Experiential Learning Component (ELC) | St. Lawrence University Public Health

Experiential Learning Component (ELC)

***Given the unique circumstances created by the COVID-19 pandemic and the uncertainty of the upcoming academic year, students graduating in spring 2021 with a Public Health minor will NOT be required to complete the Experiential Learning Component (ELC). We recognize that the challenges of arranging and being able to carry out these opportunities may be insurmountable in the current environment. Thus the ELC is OPTIONAL for all spring 2021 graduates at this time. The ELC continues to be a meaningful and highly valued opportunity and we encourage students to complete these experiences if possible.***


Experiential Learning Component (ELC):

The Experiential Learning Component (ELC) is intended to provide students with an opportunity to gain public health experience that complements their coursework. Minors must complete at least one of the following experiential learning options:

  • Take a Community Based Learning (CBL) course with a public health placement approved by the Public Health Program Coordinator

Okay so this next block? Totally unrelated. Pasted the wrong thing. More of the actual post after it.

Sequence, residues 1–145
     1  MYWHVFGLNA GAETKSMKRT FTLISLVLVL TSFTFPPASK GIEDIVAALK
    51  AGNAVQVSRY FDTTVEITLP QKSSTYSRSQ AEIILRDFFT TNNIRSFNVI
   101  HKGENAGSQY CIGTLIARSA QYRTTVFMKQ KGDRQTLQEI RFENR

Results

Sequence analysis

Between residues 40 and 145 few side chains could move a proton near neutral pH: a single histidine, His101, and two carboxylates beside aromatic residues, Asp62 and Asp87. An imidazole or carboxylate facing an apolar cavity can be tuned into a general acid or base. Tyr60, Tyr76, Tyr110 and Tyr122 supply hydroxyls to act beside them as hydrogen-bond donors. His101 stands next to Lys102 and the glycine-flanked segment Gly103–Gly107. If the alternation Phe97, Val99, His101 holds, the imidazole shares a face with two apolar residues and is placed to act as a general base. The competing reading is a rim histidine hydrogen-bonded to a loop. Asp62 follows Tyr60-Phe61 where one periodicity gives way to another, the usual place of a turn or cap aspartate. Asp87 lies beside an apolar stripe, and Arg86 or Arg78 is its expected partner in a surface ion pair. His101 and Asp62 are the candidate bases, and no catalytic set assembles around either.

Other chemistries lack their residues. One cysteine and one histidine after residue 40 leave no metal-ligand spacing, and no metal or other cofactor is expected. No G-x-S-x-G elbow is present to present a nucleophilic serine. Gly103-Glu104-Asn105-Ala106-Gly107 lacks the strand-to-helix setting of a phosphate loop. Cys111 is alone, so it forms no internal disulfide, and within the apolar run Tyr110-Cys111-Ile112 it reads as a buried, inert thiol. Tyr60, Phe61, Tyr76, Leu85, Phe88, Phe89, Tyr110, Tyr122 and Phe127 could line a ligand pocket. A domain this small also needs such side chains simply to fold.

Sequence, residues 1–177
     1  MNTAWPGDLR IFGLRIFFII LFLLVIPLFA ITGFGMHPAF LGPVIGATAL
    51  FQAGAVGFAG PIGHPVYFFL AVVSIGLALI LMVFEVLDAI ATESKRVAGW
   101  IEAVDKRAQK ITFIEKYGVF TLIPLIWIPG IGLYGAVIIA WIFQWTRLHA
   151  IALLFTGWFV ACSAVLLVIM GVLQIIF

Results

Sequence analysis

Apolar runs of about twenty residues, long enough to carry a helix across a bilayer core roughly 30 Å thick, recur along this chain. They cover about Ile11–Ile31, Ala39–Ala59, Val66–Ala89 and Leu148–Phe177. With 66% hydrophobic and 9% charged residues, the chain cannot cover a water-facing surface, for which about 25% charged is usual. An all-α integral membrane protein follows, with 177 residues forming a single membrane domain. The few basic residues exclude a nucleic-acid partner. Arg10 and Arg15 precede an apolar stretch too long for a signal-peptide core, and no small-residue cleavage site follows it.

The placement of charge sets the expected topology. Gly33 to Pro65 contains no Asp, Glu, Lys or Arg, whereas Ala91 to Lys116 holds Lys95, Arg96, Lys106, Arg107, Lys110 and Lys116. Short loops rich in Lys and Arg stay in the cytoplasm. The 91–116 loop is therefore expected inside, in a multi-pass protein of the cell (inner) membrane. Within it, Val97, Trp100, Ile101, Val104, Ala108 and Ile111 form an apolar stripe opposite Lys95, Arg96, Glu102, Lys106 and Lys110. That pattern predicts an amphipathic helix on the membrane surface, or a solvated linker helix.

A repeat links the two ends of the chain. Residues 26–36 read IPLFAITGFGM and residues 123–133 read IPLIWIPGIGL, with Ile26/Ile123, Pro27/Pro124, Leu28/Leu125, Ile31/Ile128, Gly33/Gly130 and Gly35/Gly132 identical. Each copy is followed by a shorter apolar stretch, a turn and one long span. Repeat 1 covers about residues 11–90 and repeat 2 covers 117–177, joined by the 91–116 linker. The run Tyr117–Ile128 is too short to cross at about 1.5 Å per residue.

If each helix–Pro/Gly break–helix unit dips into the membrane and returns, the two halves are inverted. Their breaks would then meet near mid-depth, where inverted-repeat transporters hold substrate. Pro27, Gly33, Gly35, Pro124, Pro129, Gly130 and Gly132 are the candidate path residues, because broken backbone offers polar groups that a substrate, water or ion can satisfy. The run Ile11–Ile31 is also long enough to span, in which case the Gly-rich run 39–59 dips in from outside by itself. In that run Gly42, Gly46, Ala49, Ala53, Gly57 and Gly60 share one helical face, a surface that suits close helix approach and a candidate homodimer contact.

• Carry out independent public health-related research (short-term, summer, or semester; this could include an appropriate SYE project)

  • Complete an internship relevant to public health

Minors should consult with their advisor or the Public Health Program Coordinator about which option(s) will best suit their interests and complement their coursework. As part of their written reflection on the minor, students should document the work they did for the ELC, including how it fits into the bigger picture of their study of public health.

Public Health and Medicine:

Public health is a population centered approach that focuses on prevention of illness and promotion of health by understanding the root causes of disease in society.

Medicine is a complementary approach to health that focuses on the etiology and treatment of specific diseases in individual patients in a clinical setting.

While experiences in a clinical setting can provide opportunities to learn about health and disease, these placements often do not emphasize a population based approach or focus on prevention.
Its unlikely that a position in a clinical setting will provide experience in the practice of public health, and this is the goal of the ELC.